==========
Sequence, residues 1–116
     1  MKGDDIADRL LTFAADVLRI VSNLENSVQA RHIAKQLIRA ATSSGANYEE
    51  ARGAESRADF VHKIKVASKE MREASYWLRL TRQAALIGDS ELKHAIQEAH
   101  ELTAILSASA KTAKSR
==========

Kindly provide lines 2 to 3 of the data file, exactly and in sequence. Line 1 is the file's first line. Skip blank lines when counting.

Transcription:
     1  MKGDDIADRL LTFAADVLRI VSNLENSVQA RHIAKQLIRA ATSSGANYEE
    51  ARGAESRADF VHKIKVASKE MREASYWLRL TRQAALIGDS ELKHAIQEAH